Jobless Rate Down, Labour Participation Rate Up In Windsor

Jobless Rate Down, Labour Participation Rate Up In Windsor

Jobless Rate Down, Labour Participation Rate Up In Windsor

The National Capital Region continued to lower its unemployment rate in January, adding 4,600 jobs in the first month of the year according to data released Friday by Statistics Canada.

Ontario lost 59,300 part-time positions and created 8,500 full-time spots.

Provincial summary The drop in the number of people employed also coincided with an increase in the minimum wage in Canada's largest province, Ontario.

Porter said there were some special factors in January including the minimum wage hike in Ontario, harsh winter weather which affected construction and an inevitable pullback after exceptionally strong job growth in 2017.

"The June quarter survey showed zero employment growth and a drop in the participation rate, followed by a surge in both measures in the September quarter", he said.

In Saskatchewan, the unemployment rate fell 1.1 per cent to 5.4 over the revised 6.5 per cent number from December.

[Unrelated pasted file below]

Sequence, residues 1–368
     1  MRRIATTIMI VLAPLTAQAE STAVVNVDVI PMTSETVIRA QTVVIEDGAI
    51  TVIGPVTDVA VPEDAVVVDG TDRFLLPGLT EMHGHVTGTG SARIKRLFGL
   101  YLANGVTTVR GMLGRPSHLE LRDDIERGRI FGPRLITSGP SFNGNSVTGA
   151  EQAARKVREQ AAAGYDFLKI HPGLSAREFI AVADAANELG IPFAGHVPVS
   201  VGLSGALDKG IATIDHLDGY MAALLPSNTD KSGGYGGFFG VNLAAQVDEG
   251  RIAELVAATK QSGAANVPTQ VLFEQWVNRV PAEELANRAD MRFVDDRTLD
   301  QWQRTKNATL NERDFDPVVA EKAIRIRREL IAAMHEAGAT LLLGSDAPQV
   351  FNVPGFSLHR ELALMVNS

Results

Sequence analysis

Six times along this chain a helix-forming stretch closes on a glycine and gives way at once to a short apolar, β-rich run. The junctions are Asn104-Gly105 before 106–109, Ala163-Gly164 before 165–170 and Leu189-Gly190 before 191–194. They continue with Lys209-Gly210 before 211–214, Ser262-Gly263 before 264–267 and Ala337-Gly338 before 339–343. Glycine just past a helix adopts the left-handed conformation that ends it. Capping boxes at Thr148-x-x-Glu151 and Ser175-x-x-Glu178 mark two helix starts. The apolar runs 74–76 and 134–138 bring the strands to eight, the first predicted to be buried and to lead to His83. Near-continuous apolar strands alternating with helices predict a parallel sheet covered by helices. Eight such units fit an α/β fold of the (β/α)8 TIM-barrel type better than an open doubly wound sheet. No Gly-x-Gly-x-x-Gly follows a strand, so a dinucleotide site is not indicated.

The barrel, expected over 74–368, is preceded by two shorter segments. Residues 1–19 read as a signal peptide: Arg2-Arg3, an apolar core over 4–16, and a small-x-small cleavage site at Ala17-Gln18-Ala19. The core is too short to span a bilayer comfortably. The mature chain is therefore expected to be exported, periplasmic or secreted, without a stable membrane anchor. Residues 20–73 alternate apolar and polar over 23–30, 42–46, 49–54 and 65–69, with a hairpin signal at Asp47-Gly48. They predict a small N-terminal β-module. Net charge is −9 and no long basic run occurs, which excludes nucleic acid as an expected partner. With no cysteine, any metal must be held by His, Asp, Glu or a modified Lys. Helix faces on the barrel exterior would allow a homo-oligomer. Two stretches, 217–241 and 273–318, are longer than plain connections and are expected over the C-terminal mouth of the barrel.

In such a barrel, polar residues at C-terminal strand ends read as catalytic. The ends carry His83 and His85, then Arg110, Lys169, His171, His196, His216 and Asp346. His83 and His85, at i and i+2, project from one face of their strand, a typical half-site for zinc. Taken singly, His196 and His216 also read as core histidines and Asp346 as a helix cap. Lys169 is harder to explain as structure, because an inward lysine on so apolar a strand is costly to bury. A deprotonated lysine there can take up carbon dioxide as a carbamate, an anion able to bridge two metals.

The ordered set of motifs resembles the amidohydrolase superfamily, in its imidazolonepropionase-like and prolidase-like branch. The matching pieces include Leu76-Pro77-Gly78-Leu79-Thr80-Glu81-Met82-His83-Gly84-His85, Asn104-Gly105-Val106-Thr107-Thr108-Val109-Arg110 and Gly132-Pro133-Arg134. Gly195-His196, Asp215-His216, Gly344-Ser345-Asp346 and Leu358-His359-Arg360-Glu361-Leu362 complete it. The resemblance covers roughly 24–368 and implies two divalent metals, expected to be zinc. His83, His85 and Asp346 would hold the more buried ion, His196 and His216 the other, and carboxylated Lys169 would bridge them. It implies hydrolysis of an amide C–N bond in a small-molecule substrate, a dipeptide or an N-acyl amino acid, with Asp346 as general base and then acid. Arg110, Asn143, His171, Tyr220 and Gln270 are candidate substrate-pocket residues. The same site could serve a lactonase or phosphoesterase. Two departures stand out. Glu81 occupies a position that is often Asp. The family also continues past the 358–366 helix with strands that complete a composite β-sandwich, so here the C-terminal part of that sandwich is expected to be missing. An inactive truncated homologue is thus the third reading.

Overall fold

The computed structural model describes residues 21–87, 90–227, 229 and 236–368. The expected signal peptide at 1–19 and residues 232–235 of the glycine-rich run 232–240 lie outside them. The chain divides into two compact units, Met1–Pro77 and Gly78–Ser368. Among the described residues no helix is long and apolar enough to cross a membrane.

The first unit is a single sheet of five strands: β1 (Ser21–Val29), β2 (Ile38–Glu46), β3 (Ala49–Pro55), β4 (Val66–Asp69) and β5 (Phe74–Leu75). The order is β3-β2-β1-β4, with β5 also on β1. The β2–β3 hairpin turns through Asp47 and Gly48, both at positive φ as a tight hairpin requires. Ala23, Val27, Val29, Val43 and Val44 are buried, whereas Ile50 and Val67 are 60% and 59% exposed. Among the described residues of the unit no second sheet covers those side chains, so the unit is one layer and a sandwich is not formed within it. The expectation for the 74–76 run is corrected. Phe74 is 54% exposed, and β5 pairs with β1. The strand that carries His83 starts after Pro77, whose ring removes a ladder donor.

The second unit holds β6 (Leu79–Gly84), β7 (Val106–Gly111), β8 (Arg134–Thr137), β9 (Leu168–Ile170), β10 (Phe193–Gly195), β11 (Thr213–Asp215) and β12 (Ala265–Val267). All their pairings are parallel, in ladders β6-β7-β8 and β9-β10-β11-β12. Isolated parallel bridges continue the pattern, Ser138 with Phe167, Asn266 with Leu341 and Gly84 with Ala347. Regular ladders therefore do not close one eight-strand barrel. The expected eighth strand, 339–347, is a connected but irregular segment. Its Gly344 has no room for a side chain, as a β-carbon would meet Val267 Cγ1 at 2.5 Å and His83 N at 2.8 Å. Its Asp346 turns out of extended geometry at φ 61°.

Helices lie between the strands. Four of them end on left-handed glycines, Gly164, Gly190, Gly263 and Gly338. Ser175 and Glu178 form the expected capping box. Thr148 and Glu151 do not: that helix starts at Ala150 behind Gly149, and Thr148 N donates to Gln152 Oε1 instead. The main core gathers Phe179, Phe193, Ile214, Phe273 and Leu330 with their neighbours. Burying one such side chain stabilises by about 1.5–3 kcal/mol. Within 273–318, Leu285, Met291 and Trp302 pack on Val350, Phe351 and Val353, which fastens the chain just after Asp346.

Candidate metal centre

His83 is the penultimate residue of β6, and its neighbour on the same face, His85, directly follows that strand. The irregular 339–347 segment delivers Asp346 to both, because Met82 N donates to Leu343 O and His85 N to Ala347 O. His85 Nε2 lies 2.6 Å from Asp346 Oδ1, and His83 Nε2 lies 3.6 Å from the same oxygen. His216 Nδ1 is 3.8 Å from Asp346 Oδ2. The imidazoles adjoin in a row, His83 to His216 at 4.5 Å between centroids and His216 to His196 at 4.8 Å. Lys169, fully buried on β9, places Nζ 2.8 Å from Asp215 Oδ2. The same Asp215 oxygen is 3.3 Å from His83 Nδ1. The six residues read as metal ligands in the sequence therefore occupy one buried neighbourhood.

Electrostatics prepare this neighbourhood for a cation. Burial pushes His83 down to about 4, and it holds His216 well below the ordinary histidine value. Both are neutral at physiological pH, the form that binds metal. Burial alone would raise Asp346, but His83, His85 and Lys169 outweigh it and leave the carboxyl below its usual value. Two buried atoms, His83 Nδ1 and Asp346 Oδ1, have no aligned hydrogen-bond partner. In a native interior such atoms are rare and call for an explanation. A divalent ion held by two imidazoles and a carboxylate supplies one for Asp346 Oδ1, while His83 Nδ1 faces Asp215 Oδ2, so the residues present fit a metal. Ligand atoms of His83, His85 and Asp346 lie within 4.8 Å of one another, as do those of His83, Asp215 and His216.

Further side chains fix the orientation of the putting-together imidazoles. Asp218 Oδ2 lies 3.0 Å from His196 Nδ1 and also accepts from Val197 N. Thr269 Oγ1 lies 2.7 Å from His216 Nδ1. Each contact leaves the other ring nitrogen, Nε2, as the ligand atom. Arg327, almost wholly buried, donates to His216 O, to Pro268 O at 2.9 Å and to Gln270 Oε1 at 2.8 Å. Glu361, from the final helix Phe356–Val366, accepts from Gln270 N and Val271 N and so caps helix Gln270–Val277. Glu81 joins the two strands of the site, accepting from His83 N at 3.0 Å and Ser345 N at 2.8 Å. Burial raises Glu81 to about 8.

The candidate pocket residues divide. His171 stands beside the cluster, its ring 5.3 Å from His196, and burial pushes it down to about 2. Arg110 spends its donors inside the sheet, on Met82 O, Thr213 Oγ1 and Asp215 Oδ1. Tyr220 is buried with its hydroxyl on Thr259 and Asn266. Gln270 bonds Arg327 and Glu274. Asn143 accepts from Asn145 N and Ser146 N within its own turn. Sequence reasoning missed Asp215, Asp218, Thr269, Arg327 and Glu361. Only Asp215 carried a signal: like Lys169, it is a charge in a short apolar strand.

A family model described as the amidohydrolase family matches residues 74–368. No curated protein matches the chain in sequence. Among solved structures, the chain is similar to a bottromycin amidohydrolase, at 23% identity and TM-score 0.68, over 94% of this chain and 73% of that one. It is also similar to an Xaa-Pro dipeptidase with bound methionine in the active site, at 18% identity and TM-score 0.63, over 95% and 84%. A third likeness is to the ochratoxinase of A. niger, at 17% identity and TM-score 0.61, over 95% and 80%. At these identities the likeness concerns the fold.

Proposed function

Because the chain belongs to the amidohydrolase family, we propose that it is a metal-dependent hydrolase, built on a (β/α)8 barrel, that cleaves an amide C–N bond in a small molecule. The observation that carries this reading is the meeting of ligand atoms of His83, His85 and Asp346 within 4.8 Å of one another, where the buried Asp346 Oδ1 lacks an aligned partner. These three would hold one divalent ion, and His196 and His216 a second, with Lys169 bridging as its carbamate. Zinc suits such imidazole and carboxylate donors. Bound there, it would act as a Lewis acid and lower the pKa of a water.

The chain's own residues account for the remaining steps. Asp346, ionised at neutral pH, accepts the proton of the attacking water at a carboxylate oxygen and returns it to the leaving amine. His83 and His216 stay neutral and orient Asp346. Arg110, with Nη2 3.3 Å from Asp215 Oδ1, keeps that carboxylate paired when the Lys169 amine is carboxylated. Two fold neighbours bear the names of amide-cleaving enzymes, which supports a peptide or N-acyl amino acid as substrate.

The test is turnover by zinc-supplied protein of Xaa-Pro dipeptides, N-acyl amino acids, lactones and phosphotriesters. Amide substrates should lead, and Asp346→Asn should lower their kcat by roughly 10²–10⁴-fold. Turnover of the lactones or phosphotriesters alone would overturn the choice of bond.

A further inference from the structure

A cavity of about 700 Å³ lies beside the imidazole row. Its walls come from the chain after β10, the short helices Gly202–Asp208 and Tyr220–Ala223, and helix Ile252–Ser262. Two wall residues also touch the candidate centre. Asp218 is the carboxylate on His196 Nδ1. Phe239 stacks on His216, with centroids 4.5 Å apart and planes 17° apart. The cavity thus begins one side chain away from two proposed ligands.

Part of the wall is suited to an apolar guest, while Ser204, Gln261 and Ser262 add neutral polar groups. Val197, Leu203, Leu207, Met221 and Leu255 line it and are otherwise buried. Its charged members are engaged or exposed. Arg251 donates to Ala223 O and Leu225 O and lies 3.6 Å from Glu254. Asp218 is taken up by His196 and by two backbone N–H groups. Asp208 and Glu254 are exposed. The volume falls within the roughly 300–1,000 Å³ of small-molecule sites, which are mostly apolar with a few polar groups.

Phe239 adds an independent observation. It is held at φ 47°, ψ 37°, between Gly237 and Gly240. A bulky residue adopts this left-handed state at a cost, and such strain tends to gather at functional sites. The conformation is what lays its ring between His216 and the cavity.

Statistics Canada says the economy lost 88000 jobs in January

"Overall, a mysterious mix of good and bad, with the latter's impact blunted by how strong job gains were in the leadup to these figures", CIBC chief economist Avery Shenfeld wrote in a research note to clients. The survey also detected stronger wage growth in January of 3.3 per cent, which also led some to point out possible connections to Ontario.

The largest employment declines were in Ontario and Quebec.

Ontario's Economic Development Minister Steven Del Duca ‎dismissed concerns that the drop in part-time jobs was due to the government's decision to raise the minimum wage to $14 five weeks ago, an increase of $2.40 per hour that many businesses said was too much. She cited the full-time job gain, faster wages and a low unemployment rate as signs of a resilient labor market.

Ontario's mandatory minimum hourly rate is set for another bump in January 2019, when it will rise to $15.

Overall, 88,000 jobs were lost in January - the steepest one-month decline in the Canadian labour market in nine years. By comparison, the number of people who identified as self-employed workers - often seen as a less desirable category that includes unpaid work in a family business - increased last month by 23,900. "But the details are also looking wonky, with all of the job losses in part-time work".

With files from the Canadian Press. He said it reinforces the view that the Bank of Canada will proceed "ultra-cautiously" through the rest of 2018.

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